Light stored as sound for the first time

Posted Sep 19, 2017 by Tim Sandle
The capturing and storing of light as sound is not just remarkable in itself, it is also part of the future development of super-fast, light-based computers.
Optical components configured to produce photons in a high-dimensional GHZ entangled state  in an ex...
Optical components configured to produce photons in a high-dimensional GHZ entangled state, in an experiment designed by the computer algorithm called Melvin.
M. Malik/Univ. of Vienna
In new research that will have implications for the development of computers, scientists have successfully stored light-based information in the form of sound waves. These sound recordings have been placed onto a computer. This feat is a step towards the development of light-based (or ‘photonic’) computers. The conceptual difference is that data will be held in the form of photons as opposed to the current storage systems, which are based on elections.
The reason why there’s so much interest in photonic computers is due to the potential for such machines to operate at speeds up to 20 times faster than conventional computers. Moreover, these devices are predicted to be more energy efficient in terms of not producing much in the way of heat. These theoretical devices have sparked the interest of major technology players like IBM and Intel.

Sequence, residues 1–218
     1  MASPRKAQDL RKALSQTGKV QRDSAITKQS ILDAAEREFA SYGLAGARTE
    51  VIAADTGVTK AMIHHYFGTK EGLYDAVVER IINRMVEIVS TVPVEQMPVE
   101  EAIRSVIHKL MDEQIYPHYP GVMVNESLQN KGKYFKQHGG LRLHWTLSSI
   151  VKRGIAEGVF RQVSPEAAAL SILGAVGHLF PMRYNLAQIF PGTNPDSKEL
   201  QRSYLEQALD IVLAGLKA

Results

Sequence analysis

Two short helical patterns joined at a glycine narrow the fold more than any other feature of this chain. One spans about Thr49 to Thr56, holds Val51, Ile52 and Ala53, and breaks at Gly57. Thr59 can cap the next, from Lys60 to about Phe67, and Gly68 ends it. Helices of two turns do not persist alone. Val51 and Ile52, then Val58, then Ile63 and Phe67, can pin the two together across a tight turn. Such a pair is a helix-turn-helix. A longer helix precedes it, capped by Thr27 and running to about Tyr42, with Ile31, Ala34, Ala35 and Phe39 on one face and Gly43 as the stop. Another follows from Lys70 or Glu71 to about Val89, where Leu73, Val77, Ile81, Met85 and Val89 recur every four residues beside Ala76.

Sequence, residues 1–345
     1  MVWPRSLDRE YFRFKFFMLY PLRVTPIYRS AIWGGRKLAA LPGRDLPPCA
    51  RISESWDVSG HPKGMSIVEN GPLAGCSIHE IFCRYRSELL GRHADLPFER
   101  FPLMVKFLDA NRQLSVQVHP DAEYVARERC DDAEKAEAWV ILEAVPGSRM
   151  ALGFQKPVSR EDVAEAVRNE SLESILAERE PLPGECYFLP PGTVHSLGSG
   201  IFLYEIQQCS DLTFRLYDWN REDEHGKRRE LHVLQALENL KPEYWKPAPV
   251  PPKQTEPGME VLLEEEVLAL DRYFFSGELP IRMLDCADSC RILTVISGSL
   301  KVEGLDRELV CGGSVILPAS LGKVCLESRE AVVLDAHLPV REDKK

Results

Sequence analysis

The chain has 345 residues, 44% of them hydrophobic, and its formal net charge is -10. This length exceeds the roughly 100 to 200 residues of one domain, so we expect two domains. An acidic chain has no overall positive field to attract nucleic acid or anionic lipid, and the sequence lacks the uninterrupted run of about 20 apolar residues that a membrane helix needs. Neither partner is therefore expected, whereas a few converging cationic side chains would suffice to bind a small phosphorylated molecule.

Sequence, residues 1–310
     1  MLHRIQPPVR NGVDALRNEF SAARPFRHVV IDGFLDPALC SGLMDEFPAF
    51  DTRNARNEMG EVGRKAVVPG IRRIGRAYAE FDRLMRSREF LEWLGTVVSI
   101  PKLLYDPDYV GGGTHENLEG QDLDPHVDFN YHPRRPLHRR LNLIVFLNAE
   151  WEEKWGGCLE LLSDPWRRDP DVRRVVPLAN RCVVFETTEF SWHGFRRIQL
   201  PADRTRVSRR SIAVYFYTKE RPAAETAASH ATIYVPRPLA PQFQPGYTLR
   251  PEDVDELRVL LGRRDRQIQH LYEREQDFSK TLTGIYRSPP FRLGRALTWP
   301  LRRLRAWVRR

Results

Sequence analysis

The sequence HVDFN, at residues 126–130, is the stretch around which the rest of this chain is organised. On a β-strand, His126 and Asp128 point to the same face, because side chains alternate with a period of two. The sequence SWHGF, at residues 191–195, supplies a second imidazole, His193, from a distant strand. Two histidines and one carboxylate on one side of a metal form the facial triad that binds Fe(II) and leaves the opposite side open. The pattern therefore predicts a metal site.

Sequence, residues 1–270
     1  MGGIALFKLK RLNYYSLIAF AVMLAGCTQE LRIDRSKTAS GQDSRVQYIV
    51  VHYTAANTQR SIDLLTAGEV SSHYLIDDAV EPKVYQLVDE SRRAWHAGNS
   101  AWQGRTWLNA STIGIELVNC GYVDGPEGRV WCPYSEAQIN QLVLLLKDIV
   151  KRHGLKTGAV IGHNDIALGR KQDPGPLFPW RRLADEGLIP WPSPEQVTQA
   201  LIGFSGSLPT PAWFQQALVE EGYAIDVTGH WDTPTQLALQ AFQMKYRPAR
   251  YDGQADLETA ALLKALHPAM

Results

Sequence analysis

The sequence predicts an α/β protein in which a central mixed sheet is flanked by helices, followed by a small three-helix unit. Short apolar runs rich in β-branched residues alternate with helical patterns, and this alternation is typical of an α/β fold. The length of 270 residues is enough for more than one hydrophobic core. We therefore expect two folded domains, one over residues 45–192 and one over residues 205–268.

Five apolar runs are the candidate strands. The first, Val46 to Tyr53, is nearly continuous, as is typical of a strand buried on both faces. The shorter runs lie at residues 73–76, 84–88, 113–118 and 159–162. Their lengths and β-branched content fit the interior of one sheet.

Despite considerable investment, developing the technology has proved complex. The first phase involved finding a way to encode information into photons, which has been achieved — the process is similar to passing data along an optical fiber.
What has proved more challenging is designing a computer chip to retrieve and process information stored as photons. This is because light moves too fast for current computing technology to read. Some of these complexities are outlined in the following video:
Attempting a different course, researchers from the University of Sydney have assessed that if the photons are converted into sound then the considerably slower speed that sound moves at can be reliably read by computers.
According to lead researcher, Dr. Birgit Stiller, who was speaking with Science Alert: “The information in our chip in acoustic form travels at a velocity five orders of magnitude slower than in the optical domain.” Drawing on a meteorological analogy, the researcher added, “It is like the difference between thunder and lightning.”
Central to the research was the development of a memory system that can transfer between light and sound waves across a photonic microchip. This type of chip will be critical for the development of next generation light-based computers.
With the process, photonic data enters the chip in the form of yellow pulses of light. Here it interacts with a 'write' pulse (which is blue light). This then leads to the generation of an acoustic wave that stores the data. To extract the data, a blue pulse of light (the 'read' pulse) accesses this sound data and transmits as light back as yellow light.
The research is published in the journal Nature Communications, under the title “A chip-integrated coherent photonic-phononic memory.”